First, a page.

Another lesson we’ve learned is that the technical challenges to resource recovery vary from basin to basin. So, we’re pursuing a more targeted “basin-specific” approach to technology development, where we want to be able to look at all kinds of subsurface data – a massive amount of data – to better understand specific basins and develop the technology and improved completion designs to increase unconventional oil and gas production.
A perfect example is some of the early work that our National Energy Technology Laboratory has been doing to characterize and predict recovery efficiencies and improve production in the Western Marcellus, with techniques that may be applied in shales across the United States.
To advance our basin-specific work, we’ve established a network of oil and gas field laboratories to generate new data for machine learning and to demonstrate and test new technologies in actual operating oilfield settings. And NETL is partnering with oil and natural gas producers and academic researchers to carry out experiments at those labs.
These projects are focused on providing additional levels of data gathering and analysis that are incorporated into normal drilling, well completion, and production operations to help identify ways to:
Improve the effectiveness of hydraulic fracturing;
Design better well completions;
More effectively characterize the fundamental processes behind the flow of oil and gas from tight rocks; and
Reduce the impacts of development by increasing per-well recoveries.
And let me just note that this year we’ve selected $95 million in oil and gas recovery projects – including several CO2-EOR projects.
Now, as you know, water and oil and gas systems are closely interlinked. And one of the things we’re focused on is transforming the oil and gas sector’s produced water from a waste to a resource – even from a cost stream to a revenue stream, through the development of advanced treatment technologies.
We have a number of projects to address produced water challenges and earlier this year, we selected nearly $5 million in projects to develop produced water treatment technologies, and to develop techno-economic analyses that link the supply of produced water with industries that could possibly use it on a regional or basin-specific basis.
So, all of this work has the potential to usher in a paradigm shift in our oil and gas research portfolio.
When it comes to midstream resource delivery, we’re pursuing data science and management tools to improve operational reliability and reduce loss from natural gas gathering, transmission, distribution, and storage facilities. A good example is our work with the Pacific Northwest National Lab (PNNL) where we’re using large sets of pipeline integrity data as well as continuous operational data from pipeline operators to advance the state of the art in pipeline infrastructure integrity.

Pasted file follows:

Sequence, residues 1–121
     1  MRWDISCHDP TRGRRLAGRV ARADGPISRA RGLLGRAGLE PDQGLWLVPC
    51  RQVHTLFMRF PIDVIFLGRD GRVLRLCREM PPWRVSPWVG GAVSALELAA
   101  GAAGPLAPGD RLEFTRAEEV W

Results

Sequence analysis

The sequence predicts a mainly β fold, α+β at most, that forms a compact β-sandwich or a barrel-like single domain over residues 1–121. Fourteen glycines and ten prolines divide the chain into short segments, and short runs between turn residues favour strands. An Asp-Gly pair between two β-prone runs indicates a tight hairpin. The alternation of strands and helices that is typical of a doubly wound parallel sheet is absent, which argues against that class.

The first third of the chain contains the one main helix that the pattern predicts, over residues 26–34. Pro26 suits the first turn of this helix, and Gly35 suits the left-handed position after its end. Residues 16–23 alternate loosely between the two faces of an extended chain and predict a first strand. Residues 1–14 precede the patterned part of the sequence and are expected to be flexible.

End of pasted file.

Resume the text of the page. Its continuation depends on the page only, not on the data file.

We’re also beginning to look at cybersecurity, as well as continuing our focus on reducing methane losses. And we have several R&D pathways to help us meet these goals and to pave the way for the “pipeline of the future.” These include efforts focused on developments in new sensor technologies combined with artificial intelligence for real time operational monitoring and early fault prediction, as well as advanced materials, like liners and coatings, for pipelines.
Internal corrosion is a major contributor to reported pipeline failures, and there’s no existing real-time monitoring technology is commercially available. So, we’re putting a specific emphasis on integrating advanced materials with novel sensors and artificial intelligence to identify early signs of corrosion.
This will ultimately enable operators to take real-time preventative measures to ensure the integrity and security of the pipeline infrastructure. So, we’re targeting the development of low-cost sensing platforms that are inherently compatible with natural gas pipeline infrastructure monitoring, including passive wireless and optical fiber based sensing.
And we’re integrating advanced artificial intelligence techniques with distributed fiber optical sensing methods to localize and classify in real-time risks to the pipeline infrastructure, including seismic activity and excavation.
So, we’re looking at a lot of important work to improve and expand resource production and strengthen our delivery infrastructure. The common thread running through this research and development is the broad application of latest advances in big data, machine learning, and artificial intelligence tools that can completely revolutionize our understanding of the subsurface and the way we approach and tackle challenges in the field.
And at the end of the day, we could unlock the transformative potential of our oil and gas resources, even beyond what we’ve seen in the shale revolution.
So, again, thanks for the opportunity to speak to you today, and I wish all of you success during this conference and particularly, during this Technology Showcase event.